86?EIGHTY-SIX, Vol. 1, by Asato Asato and Shirabi
This light novel from Yen Press is fantasy with a sting. The San Magnolia Republic has successfully deployed unmanned weapons to defend themselves from an attack from a neighboring empire, but all is not as it seems: the “unmanned” weapons are actually piloted by the young men and women of the Republic’s 86th District, which does not exist in any public and official sense. In other words, the government has been lying about the whole project. With a mix of mechs, military action, and politics, this is an interesting light novel that goes beyond the usual tropes.

Boruto, Vol. 5, by Ukyo Kodachi, Mikio Ikemoto, and Masashi Kishimoto
After charging through 72 volumes of adventures, Naruto finally settled down and had a son, Boruto. This series picks up the story of the younger Uzumaki, who is headstrong, resentful of his father, and inclined to go barreling off on his own adventures. With Naruto creator Masashi Kishimoto supervising its creation, this new series is a worthy match for the original. The Boruto manga initially followed the storyline of Boruto: Naruto the Movie, but has moved on to original material. Currently, Boruto is grappling with a mysterious organization called Kara, and in this volume he also goes up against his father, satisfying the desires of meme creators all over the world.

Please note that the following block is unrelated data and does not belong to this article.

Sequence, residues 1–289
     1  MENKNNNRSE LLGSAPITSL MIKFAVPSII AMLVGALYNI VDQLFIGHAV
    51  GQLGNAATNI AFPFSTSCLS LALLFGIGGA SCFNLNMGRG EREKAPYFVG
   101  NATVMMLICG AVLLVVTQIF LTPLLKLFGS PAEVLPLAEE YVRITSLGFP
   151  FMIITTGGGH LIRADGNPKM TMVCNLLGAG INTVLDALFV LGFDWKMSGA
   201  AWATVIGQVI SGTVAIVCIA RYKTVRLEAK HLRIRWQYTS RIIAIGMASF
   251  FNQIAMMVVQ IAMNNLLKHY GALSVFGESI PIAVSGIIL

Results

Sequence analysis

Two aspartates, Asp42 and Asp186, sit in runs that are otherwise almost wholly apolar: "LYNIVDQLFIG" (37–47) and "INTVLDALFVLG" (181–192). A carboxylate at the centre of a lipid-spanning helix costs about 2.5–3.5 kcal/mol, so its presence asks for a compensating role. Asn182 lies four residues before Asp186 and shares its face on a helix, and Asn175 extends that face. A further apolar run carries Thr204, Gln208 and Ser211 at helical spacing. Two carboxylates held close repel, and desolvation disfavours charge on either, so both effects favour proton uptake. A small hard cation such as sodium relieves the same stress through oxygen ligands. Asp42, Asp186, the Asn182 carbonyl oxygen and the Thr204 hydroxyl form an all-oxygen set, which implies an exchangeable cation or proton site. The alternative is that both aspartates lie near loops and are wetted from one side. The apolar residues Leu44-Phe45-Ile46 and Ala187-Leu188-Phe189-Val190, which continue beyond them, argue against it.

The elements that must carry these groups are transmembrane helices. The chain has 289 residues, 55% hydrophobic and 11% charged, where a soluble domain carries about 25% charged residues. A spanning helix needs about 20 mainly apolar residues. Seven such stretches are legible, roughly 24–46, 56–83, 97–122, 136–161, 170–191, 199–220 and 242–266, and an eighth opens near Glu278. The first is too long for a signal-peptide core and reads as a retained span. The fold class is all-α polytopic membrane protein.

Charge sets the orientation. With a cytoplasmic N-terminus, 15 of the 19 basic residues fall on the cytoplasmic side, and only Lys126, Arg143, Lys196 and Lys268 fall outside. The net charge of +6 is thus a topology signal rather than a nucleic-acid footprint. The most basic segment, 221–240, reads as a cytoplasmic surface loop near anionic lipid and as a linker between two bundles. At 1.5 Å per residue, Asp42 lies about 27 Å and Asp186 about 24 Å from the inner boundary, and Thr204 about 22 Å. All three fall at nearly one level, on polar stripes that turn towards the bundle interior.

Love in Focus, Vol. 1, by Yoko Nogiri
Sometimes you just want a good old-fashioned shoujo romance manga, and Love in Focus fills the bill. Mako, our heroine, loves photography, and after suffering a loss, she dives deeper into it. At the suggestion of a childhood friend, she leaves home to attend a new school that has an elite photography club—and she’s soon living in a dorm with her friend and another student who hates to have his picture taken. Have we checked all the Shoujo Bingo boxes yet? This one looks like it will be good fun, with the photo angle to add some extra interest.

The Ideal Sponger Life, Vol. 1, by Tsunehiko Watanabe and Neko Hinotsuki
If, on the other hand, you want a good old-fashioned wish-fulfillment seinen manga, here’s the one for you. Zenjiro is a totally ordinary guy with a boring office job and not much else going on, until a beautiful queen of an unearthly realm summons him to be her husband. If he accepts, he gets to live a life of leisure with his beautiful spouse—but the catch is that there are no backsies on this offer, and he will be saying goodbye to everything dear to him on Earth, including his family and the internet. It’s also possible that all is not quite as it seems, and the queen has some sinister motives. With its everyman hero and gorgeous supernatural heroine, The Ideal Sponger Life is a solid seinen romantic comedy.

10 Dance, Vol. 2, by Inouesatoh
Two “kings” of ballroom dancing go head to head in this steamy yaoi romance. Shinya Sugiki is a champion in the world of traditional ballroom dancing, while Shinya Suzuki is the top Latin dancer. The twist is that in order to compete in the prestigious 10 Dance competition, each has to learn the other’s style, so they agree to teach each other. While they share a first name, the two have very different personalities and teaching styles, so there’s plenty of tension—and tension is the magic ingredient in yaoi!

What new manga is on your list this month?